We talked to Lezlie Lowe about toilets, feminism, and the process of working with a small press.

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Q&A with Marina Shifrin, author of 30 Before 30: How I Made a Mess of My 20s, and You Can Too

One night in her twenties, Marina Shifrin penned a list of 30 goals to complete before she turned 30. Funny and full of heart, 30 Before 30 tells the story of what happened as she set out to achieve each one. (Read our review here.)

We asked Marina a few questions about her book, and what she’s doing now.

Q: How do you think approaching life with a 20-something mindset can help even people who have passed that part of their lives?

Your twenties are this magical time for debauchery and experimentation, a time when mistakes can be molded into lessons instead of life-altering set-backs. Wisdom comes with age, sure, but we begin to lose a little bit of our tolerance for risk-taking. I think everyone, regardless of age, should approach life with enthusiastic resilience—you don’t need to be in your twenties to continue to learn and evolve as a person (these important practices are simply easier when your younger, and you have fewer responsibilities).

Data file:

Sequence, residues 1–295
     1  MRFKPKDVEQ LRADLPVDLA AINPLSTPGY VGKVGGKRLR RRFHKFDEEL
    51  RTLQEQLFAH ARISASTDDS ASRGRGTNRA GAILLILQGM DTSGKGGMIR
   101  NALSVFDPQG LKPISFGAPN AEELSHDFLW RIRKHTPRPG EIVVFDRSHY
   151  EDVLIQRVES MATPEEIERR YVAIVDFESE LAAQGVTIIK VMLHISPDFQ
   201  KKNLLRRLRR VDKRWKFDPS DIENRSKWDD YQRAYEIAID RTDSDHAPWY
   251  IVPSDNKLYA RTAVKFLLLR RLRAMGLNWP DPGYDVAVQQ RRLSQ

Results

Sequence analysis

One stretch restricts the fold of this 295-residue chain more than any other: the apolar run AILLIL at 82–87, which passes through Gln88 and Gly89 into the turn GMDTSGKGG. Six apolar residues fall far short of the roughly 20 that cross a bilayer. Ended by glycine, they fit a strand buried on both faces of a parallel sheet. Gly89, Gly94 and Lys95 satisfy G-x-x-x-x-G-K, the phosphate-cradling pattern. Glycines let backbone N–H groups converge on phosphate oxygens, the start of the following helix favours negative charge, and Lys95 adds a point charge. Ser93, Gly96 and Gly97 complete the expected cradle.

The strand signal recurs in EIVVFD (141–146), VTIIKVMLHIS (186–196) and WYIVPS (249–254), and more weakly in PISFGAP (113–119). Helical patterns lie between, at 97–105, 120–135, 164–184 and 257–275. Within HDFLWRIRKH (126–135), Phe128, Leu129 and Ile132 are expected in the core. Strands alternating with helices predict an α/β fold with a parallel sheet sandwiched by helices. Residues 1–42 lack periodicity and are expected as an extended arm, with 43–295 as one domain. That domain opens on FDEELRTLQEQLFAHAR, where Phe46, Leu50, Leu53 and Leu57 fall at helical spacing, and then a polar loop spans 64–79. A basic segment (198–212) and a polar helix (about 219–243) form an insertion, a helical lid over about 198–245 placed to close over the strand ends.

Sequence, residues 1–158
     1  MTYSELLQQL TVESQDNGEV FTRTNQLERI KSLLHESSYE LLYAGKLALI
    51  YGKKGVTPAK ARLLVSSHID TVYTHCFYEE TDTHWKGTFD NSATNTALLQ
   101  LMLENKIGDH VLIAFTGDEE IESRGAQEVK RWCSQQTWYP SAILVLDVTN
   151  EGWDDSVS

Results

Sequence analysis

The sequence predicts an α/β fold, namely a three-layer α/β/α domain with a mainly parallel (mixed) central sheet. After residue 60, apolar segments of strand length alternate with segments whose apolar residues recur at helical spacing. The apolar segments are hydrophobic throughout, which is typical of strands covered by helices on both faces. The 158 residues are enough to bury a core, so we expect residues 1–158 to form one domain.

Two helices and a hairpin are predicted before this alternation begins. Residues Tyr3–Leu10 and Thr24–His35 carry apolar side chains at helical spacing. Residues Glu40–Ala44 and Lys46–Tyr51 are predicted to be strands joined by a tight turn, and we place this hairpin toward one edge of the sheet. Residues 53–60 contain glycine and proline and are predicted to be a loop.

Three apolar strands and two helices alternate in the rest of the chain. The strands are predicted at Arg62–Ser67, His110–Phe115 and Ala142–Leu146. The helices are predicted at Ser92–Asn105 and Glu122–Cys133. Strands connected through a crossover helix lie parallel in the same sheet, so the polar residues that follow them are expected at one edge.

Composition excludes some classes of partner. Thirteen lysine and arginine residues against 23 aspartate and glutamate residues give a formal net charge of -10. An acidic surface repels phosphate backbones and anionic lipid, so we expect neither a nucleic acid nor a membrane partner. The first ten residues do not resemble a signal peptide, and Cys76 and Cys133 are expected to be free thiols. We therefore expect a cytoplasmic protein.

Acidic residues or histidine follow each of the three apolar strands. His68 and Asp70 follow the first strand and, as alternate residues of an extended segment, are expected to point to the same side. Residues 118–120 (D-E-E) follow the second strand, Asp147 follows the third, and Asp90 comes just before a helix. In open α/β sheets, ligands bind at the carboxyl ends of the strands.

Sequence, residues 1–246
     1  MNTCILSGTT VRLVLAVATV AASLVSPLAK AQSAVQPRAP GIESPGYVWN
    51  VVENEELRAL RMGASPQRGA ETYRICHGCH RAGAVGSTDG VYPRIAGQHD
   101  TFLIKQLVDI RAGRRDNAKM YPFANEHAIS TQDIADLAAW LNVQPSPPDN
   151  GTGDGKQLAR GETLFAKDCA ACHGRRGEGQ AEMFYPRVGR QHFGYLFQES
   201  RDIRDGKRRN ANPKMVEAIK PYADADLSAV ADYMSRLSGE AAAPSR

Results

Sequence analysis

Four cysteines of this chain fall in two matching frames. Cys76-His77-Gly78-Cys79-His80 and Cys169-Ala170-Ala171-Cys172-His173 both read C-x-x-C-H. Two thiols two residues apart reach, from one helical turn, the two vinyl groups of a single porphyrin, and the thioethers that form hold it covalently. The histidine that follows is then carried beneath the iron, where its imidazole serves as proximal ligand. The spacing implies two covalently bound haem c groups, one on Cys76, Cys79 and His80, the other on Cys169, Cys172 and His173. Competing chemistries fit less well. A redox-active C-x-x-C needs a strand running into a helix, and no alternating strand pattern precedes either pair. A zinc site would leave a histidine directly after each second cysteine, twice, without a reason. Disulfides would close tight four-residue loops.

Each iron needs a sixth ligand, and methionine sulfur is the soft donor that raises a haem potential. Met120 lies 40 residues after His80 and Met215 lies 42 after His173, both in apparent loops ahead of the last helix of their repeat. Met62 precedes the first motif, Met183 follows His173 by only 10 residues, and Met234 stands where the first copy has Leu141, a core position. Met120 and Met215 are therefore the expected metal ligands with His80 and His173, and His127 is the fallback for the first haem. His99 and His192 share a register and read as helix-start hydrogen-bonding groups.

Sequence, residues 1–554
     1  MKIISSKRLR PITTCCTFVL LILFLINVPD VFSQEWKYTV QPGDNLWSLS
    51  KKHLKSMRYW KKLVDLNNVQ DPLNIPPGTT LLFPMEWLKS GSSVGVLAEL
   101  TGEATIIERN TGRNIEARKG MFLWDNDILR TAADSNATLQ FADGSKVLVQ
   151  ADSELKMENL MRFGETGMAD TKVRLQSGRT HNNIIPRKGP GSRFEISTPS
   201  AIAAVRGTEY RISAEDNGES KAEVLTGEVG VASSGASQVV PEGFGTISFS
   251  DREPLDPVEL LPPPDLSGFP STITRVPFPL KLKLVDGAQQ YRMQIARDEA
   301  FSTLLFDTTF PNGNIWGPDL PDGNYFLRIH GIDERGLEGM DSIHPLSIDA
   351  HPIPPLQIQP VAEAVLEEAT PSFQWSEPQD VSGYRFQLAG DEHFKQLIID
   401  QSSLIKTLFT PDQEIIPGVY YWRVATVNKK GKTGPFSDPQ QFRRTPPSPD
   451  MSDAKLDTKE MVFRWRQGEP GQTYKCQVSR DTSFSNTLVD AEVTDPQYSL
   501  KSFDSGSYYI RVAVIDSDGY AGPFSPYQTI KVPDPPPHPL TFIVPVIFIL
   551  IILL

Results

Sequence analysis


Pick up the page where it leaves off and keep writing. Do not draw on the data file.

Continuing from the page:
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In Conversation with novel translator Tina Kover

As a translator, Tina Kover bridges gaps between cultures. For over ten years, she has been translating novels from French into English, so that they can be read and appreciated by a wider audience. This year alone, Kover has translated two wildly different books: Disoriental by Negar Djavadi (read our review here) and The Beauty of the Death Cap by Catherine Dousteyssier-Khoze, forthcoming this fall from Snuggly Books.

This year, Kover even helped to bridge the gap between a married couple. “[Catherine’s husband] doesn’t speak French, so he actually couldn’t read her book until I translated it, which is quite funny.”

When asked if he liked the book, Kover laughed. “He loved it,” she said. “But [Catherine] said she was a little frustrated because as he was reading it, he kept saying more about how much he liked the translation than the book itself.” Continue reading

BookCon 2018 Recap

Left to right: Marie Lu, Nicola Yoon, Nic Stone, Kiersten White, M.J. Franklin

Sad you missed BookCon? Here are some more highlights! Check out more of our coverage here.

Fierce and Fabulous

“#1 asking for permission and #2 apologizing for taking up space. I’m not apologizing for taking up space anymore. My main fear for writing the two girls in this book is that I would make them too soft. I don’t want them to apologize for taking up space, I don’t want to subconsciously write female characters who are shy, who are soft, just because I’ve been taught that’s what women are supposed to be.” Nic Stone